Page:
The plans remaining from last August’s flood include more than twenty on tracing cloth.  Tracing cloth is a woven cloth that is transparent enough to use in place of tracing paper.  The cloth is much more durable than tracing paper and often served as a master copy used to make blueprints and other reproductions.

Tracing cloth is heavily sized with starch and is usually quite glossy and smooth, unless of course it sits in flood water for a day.  The cloths I am working on have lost much of their size and have become quite wrinkled.  In a few cases, the wrinkling is serious enough to obscure the information.

I would prefer not to wet the cloths again because the images could be lost or smudged, but they all have visible flood residue on them which needs to come off.  Wiping the plans with a soft cloth soaked in a mix of water and denatured alcohol removes most of the flood residue, but drying the slightly damp cloths between blotters doesn’t completely solve the wrinkling problem.

I’ve worked with transparent paper in the past and wondered if the hard-soft sandwich introduced by Hildegard Homburger and Barbara Korbel for flattening tracing paper would work on tracing cloth.  A hard-soft sandwich presses your object between a hard support on the bottom, in this case a piece of mat board, and multiple layers of drying felts which are quite soft.

The sandwich does an amazing job with tracing paper, and I’m happy to say that it does a pretty impressive job with tracing cloth as well.

161108-alcts-pw17_logo_PW hourglass
April 25-27, 2017 is Preservation Week

Preservation Clinic: Ask the Experts!
A special public event hosted by the Preservation Department of ISU’s Parks Library in honor of National Preservation Week.

Where?
The main lobby of Parks Library

When?
Tuesday, April 25: 9am-11am
Wednesday, April 26: 2pm-4pm
Thursday, April 27: 12noon-2pm

PreservationWeekImage2017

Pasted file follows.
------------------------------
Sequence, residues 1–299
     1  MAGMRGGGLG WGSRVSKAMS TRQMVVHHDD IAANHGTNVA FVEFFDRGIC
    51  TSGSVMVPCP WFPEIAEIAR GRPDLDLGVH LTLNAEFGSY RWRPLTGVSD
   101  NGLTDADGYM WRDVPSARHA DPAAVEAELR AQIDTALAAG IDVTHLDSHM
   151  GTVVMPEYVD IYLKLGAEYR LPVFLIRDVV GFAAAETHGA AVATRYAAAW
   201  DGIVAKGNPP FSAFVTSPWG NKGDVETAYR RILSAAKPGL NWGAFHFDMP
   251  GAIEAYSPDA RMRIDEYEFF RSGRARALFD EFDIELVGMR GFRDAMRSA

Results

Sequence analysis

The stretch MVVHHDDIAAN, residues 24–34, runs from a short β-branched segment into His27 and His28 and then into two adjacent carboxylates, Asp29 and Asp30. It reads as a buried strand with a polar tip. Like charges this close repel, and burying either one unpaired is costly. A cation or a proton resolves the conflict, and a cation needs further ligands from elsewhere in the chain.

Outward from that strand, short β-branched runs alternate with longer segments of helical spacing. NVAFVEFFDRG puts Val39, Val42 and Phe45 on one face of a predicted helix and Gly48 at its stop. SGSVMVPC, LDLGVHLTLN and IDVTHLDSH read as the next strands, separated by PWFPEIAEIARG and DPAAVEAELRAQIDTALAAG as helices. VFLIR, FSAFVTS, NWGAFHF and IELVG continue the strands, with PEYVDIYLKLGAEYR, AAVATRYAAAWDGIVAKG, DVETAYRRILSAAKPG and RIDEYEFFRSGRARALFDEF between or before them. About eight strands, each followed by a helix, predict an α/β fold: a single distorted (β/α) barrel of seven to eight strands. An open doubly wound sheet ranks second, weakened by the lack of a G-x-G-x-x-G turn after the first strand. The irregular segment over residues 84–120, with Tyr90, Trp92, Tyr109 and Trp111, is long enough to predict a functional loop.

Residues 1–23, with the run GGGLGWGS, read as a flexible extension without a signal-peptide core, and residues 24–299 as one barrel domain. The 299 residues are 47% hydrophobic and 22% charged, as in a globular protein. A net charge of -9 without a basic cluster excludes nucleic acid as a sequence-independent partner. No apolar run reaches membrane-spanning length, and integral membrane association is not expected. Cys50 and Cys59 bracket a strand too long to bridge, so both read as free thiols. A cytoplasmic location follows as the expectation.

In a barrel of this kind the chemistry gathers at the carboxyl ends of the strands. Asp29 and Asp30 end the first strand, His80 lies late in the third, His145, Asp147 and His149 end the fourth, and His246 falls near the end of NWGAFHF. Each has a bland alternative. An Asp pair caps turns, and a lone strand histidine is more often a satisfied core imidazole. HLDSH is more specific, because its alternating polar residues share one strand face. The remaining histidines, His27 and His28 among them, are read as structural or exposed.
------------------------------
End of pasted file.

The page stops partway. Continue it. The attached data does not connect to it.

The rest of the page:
It will be a little bit like Antiques Road Show, but for preservation advice not for appraisals. People bring their old family stuff and ask about how to best preserve it.

Preservation department staff will be on hand to answer questions. We are also going to have guest experts – Pete Sixbey of the State Historical Society of Iowa (on Tuesday) and Suzanne LeSar of the Textiles and Clothing Museum (on Tuesday and Thursday)

We hope to see you there with your stuff!

____________________________________________________________________________________________

 

April 19-20, 2012

“Disasters Happen” Preparation & Response Training workshop in Cedar Rapids, IA.  Funded by an IMLS Connecting to Collections Grant. $30 one day/ $50 both days.  Lunch included.  Registration deadline: April 10.  Click here for schedule and registration information.

April 22-28, 2012 is Preservation Week
Preservation Clinic: Ask the Experts! The Iowa State University Library Preservation Department will host a Preservation Clinic in the lobby of Parks Library (outside the Fireplace Reading Room) to celebrate Preservation Week.  Bring in your treasured family photographs, documents, or artifacts to receive a free preservation consultation!  Or just drop by to learn more about the department’s mission and how you can support preservation at ISU.  Open to the public. Tuesday, April 24, 2pm-4pm; Wednesday, April 25, 11am-1pm; Thursday, April 26, 2pm-3pm; and Friday, April 27, 8am-10am.

April 24, 2012

Taking Care of Family Textiles. The ISU Library Preservation Department will host a viewing of this webinar with objects conservator Bronwyn Eves discussing various types of family textiles, such as clothing, flags, furniture coverings, and framed textiles. Tuesday, April 24, 2012.  1:00 pm CST (session lasts 1 hour). Room 192, Parks Library.

April 26, 2012

Preserving Your Personal Digital Photographs. The ISU Library Preservation Department will host a viewing of this webinar with Bill LeFlurgy discussing practical tips and tools for keeping your digital photographs safe as technology changes. Thursday, April 26, 2012. 1:00 pm CST (session lasts 1 hour). Room 192, Parks Library.

July 23-24, 2012 and July 25-26, 2012

AIC Master Studies Workshop: Conservation of Transparent Papers with Conservator Hildegard Homburger.  $350 for AIC members/$500 for non-members.  Partially funded by the National Endowment for the Humanities (NEH).  Scholarships available through FAIC and NEH.  Registration deadline is June 15, 2012 or when the course is full (enrollment limited to 6 per two-day workshop).  Hosted by ISU Library, Ames, IA.  Click here for course details, scholarship application links, and registration information.